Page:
I’ve been writing about quality issues since 1984—23 long years. In that time I’ve interviewed hundreds of quality professionals, gurus, practitioners, authors, consultants—you name it. Although each person had a unique perspective on quality, each claimed that improved quality (usually as a result of following his or her quality recipe) was right around the corner.
Unfortunately, I don’t think we’ve turned that corner. In fact, in my humble opinion, quality for the most part still stinks. (The “hard” side of quality—metrology—has actually made tremendous strides in the last two decades. Unfortunately, the “soft” side of quality—the human side—has fallen farther behind in many aspects, particularly with regard to service quality.)
Although we see excellent examples of design, product, and service quality all the time, I’m afraid the bad (or more precisely, the mediocre) still outweighs the good.
It’s getting to the point where we can’t even trust the food we eat, the bridges we drive over, the toys our children play with, the cars we drive in, or the pills we pop. When we do have a problem, we can’t really trust the so-called “customer service” representatives who are supposed to help us in our hour of need.
It’s frustrating that after going through zero defects, quality circles, total quality management, reengineering, benchmarking, ISO 9001, Six Sigma, lean, and all of their derivations, that quality is still so bad.
Many organizations have had great success with each of the aforementioned quality methodologies. Unfortunately, many have not. It seems to me that the ones that have been successful (and by that I mean have high-quality products and/or services; a happy, involved work force; a large and growing market share; and satisfied stockholders/stakeholders) have made these programs their own. They don’t “do” ISO 9001 for the sake of meeting customer requirements. They don’t have an employee involvement program because it’s hip; they don’t implement Six Sigma because the CEO’s golfing buddy’s company does.
A more telling sign of an organization’s success with these quality initiatives is that they’re done because the organization knows that they will result in better products and services, a happier work force, better sales, and long-term growth. The company integrates these programs without creating separate fiefdoms or waging war against the company culture. It’s just the way things work.
Before you send me the “Duh!” e-mail, stop and think about it. How many programs have you seen come and go over the years? Think about the successes and failures in your own organization. Think, too, about your experiences as a consumer. Are you really pleased with the products and/or services that your organization produces? More important, are your customers? How do you know? As I asked last month, how do you know you’re improving? How do you know that your customers are completely satisfied? Are you actively working to make sure that your customers’ needs are fulfilled now and will be in the future? Are you really content with the goods that you buy? Are you getting the kind of service that you want?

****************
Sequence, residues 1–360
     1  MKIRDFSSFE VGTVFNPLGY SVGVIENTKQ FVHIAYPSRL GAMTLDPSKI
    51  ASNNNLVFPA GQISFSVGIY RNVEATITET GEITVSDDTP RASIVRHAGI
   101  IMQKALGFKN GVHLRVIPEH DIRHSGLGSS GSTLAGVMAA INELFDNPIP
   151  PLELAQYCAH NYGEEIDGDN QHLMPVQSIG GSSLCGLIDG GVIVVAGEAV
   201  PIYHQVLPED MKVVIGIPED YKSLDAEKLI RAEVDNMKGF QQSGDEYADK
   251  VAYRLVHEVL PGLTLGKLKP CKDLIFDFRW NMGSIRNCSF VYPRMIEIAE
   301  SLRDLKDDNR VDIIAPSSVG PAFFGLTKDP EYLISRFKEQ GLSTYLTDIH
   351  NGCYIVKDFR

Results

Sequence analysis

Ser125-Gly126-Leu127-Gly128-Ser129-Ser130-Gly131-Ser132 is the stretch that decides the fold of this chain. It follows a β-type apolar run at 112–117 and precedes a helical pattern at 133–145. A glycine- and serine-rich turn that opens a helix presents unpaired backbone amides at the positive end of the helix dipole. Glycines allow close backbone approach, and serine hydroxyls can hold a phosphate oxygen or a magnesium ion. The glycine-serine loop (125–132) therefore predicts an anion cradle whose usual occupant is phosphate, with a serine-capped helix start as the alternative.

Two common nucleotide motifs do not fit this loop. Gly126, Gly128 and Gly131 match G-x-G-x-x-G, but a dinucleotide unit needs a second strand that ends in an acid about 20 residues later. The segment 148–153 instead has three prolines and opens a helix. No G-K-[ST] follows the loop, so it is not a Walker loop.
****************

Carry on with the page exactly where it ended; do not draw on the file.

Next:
If you’re like me, the answer is no. I’m not satisfied as a business owner with my organization’s products and services. I want to make them better. As a consumer, I’m constantly amazed at the poor quality of the products that I buy. I’m often shocked at the inadequate service that I receive from customer service representatives. I’m leery of the food that I eat. I worry that my children might be playing with lead-tainted toys. (For this, I blame the company whose name is on the product, not the entire nation of China.) It just seems as though things are worse now than they were 20 years ago.
For example, flight delays and airline dissatisfaction are at their highest levels ever. New whiz-bang products are increasingly difficult to use. Online products and services are great unless they don’t work or you have a question, then good luck finding a real person to talk to for help. In fact, many companies go out of their way to avoid interacting with you. How many times when you call for assistance are you told to “go online”? And, perhaps most telling of all, aren’t you just delighted when you receive good service? If I actually get support with a problem or see someone go the extra mile to help, it really stands out, even though that’s what should happen every time.
You may be a quality manager at an organization. Your job may be to ensure that the widgets your company produces get out the door according to specifications. But what are you doing beyond that? Are you collecting data on customer satisfaction with your products, your services, your billing, your technical support, your Web site, your product design, your distributors, your packaging, your advertising? If you say that those tasks aren’t in your job description, then you just might not have a job down the road.
How does quality work in your organization? Is quality a way of life or an afterthought? Is quality built-in or tacked-on? What are you doing about it? Post your thoughts (anonymously, if need be) online at www.qualitycurmudgeon.com.
Scott M. Paton is Quality Digest’s editor at large.